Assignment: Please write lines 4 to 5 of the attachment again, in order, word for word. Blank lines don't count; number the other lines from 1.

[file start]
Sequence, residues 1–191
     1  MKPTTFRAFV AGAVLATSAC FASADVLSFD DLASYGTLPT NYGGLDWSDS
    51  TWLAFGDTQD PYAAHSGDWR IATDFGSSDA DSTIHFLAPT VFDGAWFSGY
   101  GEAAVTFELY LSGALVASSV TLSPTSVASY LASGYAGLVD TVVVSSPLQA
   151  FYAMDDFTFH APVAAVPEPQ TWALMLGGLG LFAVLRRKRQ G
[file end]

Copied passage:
   101  GEAAVTFELY LSGALVASSV TLSPTSVASY LASGYAGLVD TVVVSSPLQA
   151  FYAMDDFTFH APVAAVPEPQ TWALMLGGLG LFAVLRRKRQ G